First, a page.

Many OEMs are realizing that they can use composites to redesign trucks in order to increase fuel efficiency and increase performance. In the spirit of going green, these materials are being applied to the next generation of environmentally friendly vehicles, and include the use recycled carbon fiber.
Composite-Made Electric Bus Travels 300 Miles on One Charge
- Application: Proterra’s Catalyst XR long-range electric bus
- Scope: Bus body
- Year Introduced: 2016
- Volume: 15 ordered
Vehicle made from advanced composites achieves the highest energy efficiency rating ever for 40-foot bus.
Proterra, a designer and manufacturer of zero-emission, electric battery transit buses, has recently introduced its newest model, the Catalyst XR. The company says that the Catalyst XR, made from composite materials, should be able to travel as far as 300 miles on a single battery charge.
In a test run at Michelin’s Laurens Proving Grounds, the 40-foot Catalyst XR traveled 258 miles with eight battery packs. Proterra projects that the addition of two more battery packs could extend that distance by another 40 miles. The Catalyst XR has already achieved the highest efficiency rating ever for a transit bus of it size, which is equivalent to a gas vehicle averaging 22 miles per gallon.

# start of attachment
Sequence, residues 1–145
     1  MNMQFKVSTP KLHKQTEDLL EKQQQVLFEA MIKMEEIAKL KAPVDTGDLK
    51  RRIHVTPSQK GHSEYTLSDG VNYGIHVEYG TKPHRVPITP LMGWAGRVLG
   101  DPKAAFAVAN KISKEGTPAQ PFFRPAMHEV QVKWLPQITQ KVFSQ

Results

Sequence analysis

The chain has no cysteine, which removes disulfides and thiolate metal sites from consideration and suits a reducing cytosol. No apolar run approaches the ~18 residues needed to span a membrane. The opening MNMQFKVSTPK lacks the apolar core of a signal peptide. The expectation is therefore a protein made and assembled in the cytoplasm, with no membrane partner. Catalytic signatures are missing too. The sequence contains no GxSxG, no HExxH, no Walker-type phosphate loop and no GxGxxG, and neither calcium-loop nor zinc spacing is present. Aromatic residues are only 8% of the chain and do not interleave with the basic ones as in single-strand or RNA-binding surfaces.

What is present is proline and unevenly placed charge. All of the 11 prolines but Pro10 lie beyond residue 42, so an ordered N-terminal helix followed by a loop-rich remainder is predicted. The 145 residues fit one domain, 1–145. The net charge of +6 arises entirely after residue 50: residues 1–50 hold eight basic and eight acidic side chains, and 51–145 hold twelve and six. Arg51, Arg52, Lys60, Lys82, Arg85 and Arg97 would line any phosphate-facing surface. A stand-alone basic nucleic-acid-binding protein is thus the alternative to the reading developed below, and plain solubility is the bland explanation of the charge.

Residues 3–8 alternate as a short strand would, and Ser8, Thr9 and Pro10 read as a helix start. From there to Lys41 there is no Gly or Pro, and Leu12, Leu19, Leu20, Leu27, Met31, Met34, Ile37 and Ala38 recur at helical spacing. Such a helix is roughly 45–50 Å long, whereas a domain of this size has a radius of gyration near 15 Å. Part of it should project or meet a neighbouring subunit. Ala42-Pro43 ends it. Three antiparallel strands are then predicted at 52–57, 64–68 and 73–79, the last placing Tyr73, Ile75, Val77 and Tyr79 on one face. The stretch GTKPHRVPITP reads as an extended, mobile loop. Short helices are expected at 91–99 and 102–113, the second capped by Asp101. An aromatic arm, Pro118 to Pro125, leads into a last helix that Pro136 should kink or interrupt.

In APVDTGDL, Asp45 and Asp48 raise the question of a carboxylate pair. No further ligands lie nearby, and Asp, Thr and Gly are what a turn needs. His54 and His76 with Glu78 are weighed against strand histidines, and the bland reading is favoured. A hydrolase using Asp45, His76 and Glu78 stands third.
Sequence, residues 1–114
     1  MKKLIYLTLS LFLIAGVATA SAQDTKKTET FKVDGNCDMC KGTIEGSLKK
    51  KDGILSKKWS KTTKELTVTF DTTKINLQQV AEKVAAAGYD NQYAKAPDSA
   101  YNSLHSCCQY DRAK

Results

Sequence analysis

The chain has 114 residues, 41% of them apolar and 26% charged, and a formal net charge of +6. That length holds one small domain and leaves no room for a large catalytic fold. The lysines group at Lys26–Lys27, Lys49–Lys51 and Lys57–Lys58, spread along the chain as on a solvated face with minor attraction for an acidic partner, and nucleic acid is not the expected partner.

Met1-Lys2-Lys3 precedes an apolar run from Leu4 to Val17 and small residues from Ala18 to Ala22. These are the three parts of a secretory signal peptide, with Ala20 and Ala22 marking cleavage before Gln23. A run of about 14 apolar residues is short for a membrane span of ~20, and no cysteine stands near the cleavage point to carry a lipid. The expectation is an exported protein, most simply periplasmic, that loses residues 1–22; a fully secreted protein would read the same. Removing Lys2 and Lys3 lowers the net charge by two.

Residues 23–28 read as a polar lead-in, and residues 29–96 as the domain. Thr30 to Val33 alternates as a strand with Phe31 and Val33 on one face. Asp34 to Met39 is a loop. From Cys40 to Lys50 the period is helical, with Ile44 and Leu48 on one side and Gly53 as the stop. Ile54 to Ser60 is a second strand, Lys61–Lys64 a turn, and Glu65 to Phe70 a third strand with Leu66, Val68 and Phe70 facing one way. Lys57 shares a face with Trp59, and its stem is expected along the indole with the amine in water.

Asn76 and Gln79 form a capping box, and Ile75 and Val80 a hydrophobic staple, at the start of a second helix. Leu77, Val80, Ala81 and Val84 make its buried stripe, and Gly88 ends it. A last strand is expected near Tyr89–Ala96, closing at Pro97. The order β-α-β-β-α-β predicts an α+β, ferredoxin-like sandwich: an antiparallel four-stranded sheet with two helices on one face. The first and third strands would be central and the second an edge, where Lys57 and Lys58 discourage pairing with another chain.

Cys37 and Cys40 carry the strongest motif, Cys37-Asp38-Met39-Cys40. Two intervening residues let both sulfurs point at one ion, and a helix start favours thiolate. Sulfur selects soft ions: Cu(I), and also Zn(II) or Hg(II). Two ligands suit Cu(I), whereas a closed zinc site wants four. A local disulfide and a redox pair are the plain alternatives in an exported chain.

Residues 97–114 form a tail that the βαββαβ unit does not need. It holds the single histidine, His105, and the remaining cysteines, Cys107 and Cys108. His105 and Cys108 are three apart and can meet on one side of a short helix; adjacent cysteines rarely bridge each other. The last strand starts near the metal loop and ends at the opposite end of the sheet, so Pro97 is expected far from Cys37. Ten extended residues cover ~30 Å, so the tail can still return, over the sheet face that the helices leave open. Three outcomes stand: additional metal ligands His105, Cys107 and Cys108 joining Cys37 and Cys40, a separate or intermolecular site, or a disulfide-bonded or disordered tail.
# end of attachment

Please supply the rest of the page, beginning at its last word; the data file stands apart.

Proterra’s chief engineer, John Sleconich, says that composites have made the Catalyst XR’s long range and high efficiency possible. “With a unique aerodynamic body made from carbon fiber and advanced composite materials, we are able to reduce mass for maximum efficiency,” he adds.
Advanced composites also provide durability and corrosion resistance that aluminum and steel don’t have. The company estimates that transit companies may save as much as $135,000 in maintenance costs during the Catalyst XR’s predicted 12-year lifespan.
Foothill Transit, which has been using other Proterra electric buses on its routes since 2010, has ordered 13 of the new Catalyst XR. They should begin serving bus patrons in the San Gabriel and Pomona Valley region of Los Angeles County, California, sometime in 2016.
Proterra’s CEO says his company’s goal is to replace all of the buses operating on fossil fuel in the U.S. with buses that operate on rechargeable electric power.